The Most Common Ant House Pest Species That Are More Than Just A Nuisance
Not only do ants perform ecologically essential tasks like recycling plant waste and aerating soil, they can also be beneficial within the home due to their habit of preying on certain insect house pests, such as fly larvae and termites. Spotting ants indoors is certainly not uncommon, and studies have revealed that all residential homes contain an abundance of many insect and arachnid species at all times including ants. Of course, it is hard to ignore ants when spotting more than just a few indoors where they can become a nuisance fast. Ants are frequently ranked as the most frequent and persistent insect pests of homes and buildings in New York state, and the most commonly managed ant pest species in the state include black carpenter ants, odorous house ants, little black ants, and pavement ants.
Due to the prevalence of carpenter ant species in northeastern forested areas, many New York homeowners are familiar with the black carpenter pest that occasionally excavates nesting cavities within structural and decorative woods. In addition to the black carpenter ant, the red carpenter ant is another common house pest in the northeast, but they rarely inflict structural damage to homes. However, much like its relative the black carpenter ant, red carpenter ants often enter homes solely to seek out sweet-tasting and high protein foods. Also, most red carpenter ant infestation cases see workers establish one or more nests in hidden or even inaccessible areas like attics, wall voids and ceiling voids.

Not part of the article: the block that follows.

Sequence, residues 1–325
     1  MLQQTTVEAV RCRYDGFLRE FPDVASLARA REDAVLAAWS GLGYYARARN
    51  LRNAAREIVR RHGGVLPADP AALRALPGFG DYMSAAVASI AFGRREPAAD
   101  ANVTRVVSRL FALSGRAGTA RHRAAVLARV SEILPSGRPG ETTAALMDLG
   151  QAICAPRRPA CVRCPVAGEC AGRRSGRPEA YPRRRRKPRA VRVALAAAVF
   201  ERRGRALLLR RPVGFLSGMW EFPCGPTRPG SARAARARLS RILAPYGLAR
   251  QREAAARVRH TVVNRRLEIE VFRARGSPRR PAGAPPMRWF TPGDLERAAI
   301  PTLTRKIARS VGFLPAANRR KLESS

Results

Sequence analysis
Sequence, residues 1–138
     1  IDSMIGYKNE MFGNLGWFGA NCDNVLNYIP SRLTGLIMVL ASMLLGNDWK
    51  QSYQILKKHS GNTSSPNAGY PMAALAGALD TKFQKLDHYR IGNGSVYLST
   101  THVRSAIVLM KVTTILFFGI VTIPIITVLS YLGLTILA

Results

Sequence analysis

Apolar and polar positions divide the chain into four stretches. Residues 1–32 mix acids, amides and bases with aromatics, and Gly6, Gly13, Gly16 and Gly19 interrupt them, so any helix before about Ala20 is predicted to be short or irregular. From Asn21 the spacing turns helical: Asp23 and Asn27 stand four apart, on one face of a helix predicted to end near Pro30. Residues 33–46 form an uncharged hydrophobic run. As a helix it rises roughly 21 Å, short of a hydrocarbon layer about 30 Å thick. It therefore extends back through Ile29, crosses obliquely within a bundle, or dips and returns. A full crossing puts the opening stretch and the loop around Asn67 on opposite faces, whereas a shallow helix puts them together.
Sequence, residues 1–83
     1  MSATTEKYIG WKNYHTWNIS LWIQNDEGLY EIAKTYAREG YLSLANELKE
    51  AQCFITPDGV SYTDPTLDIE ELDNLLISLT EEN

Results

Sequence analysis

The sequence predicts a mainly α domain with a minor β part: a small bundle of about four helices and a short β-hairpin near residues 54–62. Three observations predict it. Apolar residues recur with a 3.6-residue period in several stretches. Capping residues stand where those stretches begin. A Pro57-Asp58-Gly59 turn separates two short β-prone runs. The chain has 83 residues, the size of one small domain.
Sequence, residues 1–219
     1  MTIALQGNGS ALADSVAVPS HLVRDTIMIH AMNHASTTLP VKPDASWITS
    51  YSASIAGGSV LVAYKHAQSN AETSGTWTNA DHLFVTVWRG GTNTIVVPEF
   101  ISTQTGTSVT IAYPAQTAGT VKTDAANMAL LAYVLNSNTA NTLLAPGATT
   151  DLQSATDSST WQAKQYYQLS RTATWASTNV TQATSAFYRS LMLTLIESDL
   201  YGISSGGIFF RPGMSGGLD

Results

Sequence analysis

While carpenter ant pests are sometimes found infesting pantries and kitchen cupboards, they are not known for contaminating human foods with disease-causing microorganisms. Unfortunately, the same cannot be said for two other ant house pests in New York state where they frequently establish infestations in homes and buildings that are extremely difficult to eliminate. These two ant pests are commonly known as Pharaoh ants and thief ants, and they are the only two ant pest species that public health authorities consider a disease threat.
These pests acquire disease pathogens by congregating on decaying animal corpses, and they often infest hospitals where they gravitate into open wounds where they could transmit bacteria into the bloodstream. Due to their very small size, workers of the Pharaoh and thief ant pest species frequently crawl into packaged foods where they mechanically spread food-borne pathogens. Pharaoh ants and thief ants are known to disperse throughout homes and buildings where they establish multiple indoor nests within hidden locations, and infestations cannot be eliminated without professional pest control intervention.
Have you ever found ants within stored food packages stored in your home?